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The NDP once picked stalwarts to fight the good fight as leader. Now, they have chosen someone who might disrupt Canadian politics. Don't underestimate the potential for Jagmeet Singh to shake things up.

The man making a victory speech in a bright pink turban had easily swept aside three sitting MPs with an outsider's campaign that turned to juggernaut, making the stalwarts seem pale in the process. Mr. Singh, widely called Jimmy, had hipster suits, good French, a viral video in which he dealt with a heckler, and a ground game.

Read more: Jagmeet Singh makes history with NDP leadership victory on first ballot

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He is the first visible-minority leader of a major federal political party, a palpable milestone in a diverse country. In his first speech as leader, he talked about growing up with "brown skin, long hair and a funny name," and being stopped by police for no reason, promising that as prime minister, he'll ensure no one is stopped "because of the way they look or the colour of their skin."

There will be some temptation to dismiss Mr. Singh as a Sikh-NDP Justin Trudeau, because there really are points of comparison. There's the cool, image-conscious politicking, the vague leadership-campaign policies and the hopeful speeches and slogans: Mr. Singh's "love and courage" rings in the ear like Mr. Trudeau's "hope and hard work."

At 38, Mr. Singh is seven years younger than Mr. Trudeau, and promising to bring young people into politics just as the Liberal Leader did two years ago. It's easy to imagine Mr. Singh talking about the things Mr. Trudeau promised and didn't deliver, such as dramatic improvements for Indigenous people or electoral reform, to make the claim that he's the real generational change and Mr. Trudeau is, well, outdated.

The phrases that Mr. Trudeau favours about diversity being Canada's strength have an echo in Mr. Singh's speeches, but the NDP Leader can speak from experience about being carded because of his brown skin. In a country where one in five identify as visible minorities, many voters will identify with the message. Mr. Singh, when asked whether Canadians are ready for a Sikh party leader, has answered that they need it. If it wasn't already taken, he might have added, "because it's 2017."

Mr. Singh has the potential to disrupt the patterns of Canadian politics. His candidacy offered the NDP a ray of hope that they could move beyond union workers and urban lefties to appeal to new Canadians and fight for suburban ridings such as those in the Greater Toronto Area. The stalwarts didn't.

In fact, Mr. Singh's three MP opponents were surprisingly weak. None mustered much of an organization. None made New Democrats dream. Charlie Angus's everyman message might have appealed once, but since Jack Layton brought them to a second-place finish in 2011, they wanted something bigger.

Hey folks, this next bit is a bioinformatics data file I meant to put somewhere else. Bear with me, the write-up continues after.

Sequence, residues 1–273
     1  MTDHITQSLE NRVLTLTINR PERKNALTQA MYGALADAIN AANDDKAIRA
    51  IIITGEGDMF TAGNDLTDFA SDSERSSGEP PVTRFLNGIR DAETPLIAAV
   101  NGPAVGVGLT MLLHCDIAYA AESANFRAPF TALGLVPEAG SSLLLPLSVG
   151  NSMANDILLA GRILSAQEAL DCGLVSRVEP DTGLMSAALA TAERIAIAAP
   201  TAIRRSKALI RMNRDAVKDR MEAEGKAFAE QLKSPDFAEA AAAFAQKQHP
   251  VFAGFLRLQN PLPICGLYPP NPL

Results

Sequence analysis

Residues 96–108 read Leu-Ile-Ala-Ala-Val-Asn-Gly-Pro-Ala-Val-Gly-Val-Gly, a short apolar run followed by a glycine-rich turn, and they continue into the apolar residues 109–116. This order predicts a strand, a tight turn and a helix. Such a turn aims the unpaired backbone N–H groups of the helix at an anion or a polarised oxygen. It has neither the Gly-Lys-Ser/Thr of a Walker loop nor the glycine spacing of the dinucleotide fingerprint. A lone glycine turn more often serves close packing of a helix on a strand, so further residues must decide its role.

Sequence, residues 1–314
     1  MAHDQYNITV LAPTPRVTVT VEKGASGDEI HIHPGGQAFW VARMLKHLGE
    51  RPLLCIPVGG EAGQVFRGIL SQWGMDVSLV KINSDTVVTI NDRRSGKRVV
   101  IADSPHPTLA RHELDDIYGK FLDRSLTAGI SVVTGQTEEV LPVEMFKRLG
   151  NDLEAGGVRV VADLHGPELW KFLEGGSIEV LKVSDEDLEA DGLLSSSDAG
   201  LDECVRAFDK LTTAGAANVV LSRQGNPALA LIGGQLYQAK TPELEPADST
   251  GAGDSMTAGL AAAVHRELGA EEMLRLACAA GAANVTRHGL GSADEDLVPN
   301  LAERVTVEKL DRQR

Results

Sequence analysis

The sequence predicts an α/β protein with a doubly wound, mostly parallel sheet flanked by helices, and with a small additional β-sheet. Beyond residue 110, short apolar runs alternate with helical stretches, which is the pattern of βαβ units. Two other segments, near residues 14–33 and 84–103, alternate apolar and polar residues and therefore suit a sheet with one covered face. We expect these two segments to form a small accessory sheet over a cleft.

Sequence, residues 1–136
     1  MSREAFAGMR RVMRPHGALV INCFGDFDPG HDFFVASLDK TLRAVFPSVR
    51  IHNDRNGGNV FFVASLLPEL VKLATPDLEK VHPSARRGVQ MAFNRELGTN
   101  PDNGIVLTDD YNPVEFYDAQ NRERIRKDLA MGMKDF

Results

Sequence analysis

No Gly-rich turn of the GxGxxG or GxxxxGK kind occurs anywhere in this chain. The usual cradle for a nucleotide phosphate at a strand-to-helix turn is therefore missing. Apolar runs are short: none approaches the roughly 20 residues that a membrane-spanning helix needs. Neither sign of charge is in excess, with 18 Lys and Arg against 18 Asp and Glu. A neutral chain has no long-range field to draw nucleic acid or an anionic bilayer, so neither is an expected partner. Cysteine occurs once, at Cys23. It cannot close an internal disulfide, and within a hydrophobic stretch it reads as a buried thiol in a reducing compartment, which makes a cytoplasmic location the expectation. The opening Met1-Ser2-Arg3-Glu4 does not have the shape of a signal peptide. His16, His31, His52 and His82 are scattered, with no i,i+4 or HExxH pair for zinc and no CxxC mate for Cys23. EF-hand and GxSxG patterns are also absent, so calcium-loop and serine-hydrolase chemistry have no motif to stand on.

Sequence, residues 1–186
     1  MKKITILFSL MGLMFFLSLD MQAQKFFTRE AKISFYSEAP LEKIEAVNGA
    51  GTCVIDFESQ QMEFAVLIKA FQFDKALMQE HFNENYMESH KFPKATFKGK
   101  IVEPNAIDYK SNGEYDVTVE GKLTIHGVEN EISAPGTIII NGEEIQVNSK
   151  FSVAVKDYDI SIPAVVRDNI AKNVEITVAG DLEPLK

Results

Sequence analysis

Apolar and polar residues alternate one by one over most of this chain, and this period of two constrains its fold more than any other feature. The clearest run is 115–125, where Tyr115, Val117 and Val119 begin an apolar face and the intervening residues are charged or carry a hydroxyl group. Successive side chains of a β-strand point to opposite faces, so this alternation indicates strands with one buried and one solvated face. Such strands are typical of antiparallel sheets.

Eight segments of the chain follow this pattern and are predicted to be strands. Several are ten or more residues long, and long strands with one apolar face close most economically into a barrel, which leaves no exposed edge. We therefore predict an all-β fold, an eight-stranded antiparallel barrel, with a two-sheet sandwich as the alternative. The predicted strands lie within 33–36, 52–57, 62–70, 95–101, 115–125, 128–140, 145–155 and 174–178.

That's not to say Mr. Singh is a sure winner – he isn't. He just offered so much more potential to change things. The NDP needs to change a lot of things to win.

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The weak organizations of Mr. Singh's opponents reflect a party whose once-tough ground game has softened; Mr. Singh's leadership-campaign membership signups around Toronto and Vancouver don't make a national campaign. Mr. Singh shares a key weakness of recent NDP leaders: He doesn't really have an economic policy.

Meanwhile, the party is dwindling into irrelevance in Quebec, which was supposed to be the new NDP base. Even a New Democratic MP, Pierre Nantel, questioned whether Quebeckers will accept a turbaned Sikh as a party leader. But Mr. Singh will be new and different, and speaks French well enough: On Sunday, he said he learned the language out of solidarity with people who had suffered the slights of a linguistic minority.

Part of the NDP's playbook now seems obvious. They want to take back the mantle of being the country's progressive party. They'll accuse the Liberals of promising hope, and breaking the promise – on issues such as electoral reform or climate change or helping the ordinary joe economically. They'll suggest Mr. Trudeau's sunny ways have turned to cynicism. Mr. Singh will promise new hope.

The campaign to become PM that Mr. Singh announced immediately on Sunday is still a very long shot. But Mr. Trudeau's Liberals will worry that the NDP could hurt them by competing for "progressive" voters in new ways. We still don't know how much Mr. Singh, an Ontario MPP who went so quickly from insurgent to juggernaut front-runner in the NDP race, can surprise us. But the NDP voted for someone who might.

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